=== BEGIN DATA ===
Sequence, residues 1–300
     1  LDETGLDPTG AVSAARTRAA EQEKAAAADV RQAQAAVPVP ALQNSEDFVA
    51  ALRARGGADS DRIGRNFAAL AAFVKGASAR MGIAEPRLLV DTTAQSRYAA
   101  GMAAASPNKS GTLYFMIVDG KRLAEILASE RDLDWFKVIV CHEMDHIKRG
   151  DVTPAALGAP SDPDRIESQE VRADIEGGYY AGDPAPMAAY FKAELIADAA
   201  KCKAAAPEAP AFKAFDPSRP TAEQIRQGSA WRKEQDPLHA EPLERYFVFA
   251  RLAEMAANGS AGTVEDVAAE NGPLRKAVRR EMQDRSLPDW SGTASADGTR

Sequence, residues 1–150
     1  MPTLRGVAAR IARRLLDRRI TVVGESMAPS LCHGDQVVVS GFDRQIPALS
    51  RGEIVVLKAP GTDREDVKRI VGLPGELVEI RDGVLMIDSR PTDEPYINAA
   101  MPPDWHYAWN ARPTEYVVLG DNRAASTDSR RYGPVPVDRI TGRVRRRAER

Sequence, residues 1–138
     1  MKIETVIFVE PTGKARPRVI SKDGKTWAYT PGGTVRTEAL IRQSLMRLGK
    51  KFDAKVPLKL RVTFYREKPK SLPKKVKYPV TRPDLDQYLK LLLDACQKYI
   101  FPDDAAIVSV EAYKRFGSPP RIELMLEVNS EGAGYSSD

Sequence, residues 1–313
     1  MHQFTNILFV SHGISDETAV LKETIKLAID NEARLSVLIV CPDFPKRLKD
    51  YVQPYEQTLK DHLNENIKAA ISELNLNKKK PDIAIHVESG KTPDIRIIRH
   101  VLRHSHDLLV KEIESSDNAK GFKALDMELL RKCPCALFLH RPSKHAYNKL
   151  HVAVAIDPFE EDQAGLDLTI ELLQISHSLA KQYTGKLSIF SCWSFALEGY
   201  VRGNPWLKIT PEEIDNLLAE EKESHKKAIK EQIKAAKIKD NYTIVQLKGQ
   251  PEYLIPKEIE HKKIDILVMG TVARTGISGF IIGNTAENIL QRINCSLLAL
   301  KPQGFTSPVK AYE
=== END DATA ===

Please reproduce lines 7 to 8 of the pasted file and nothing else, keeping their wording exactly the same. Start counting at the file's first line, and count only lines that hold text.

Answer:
   251  RLAEMAANGS AGTVEDVAAE NGPLRKAVRR EMQDRSLPDW SGTASADGTR

Sequence, residues 1–150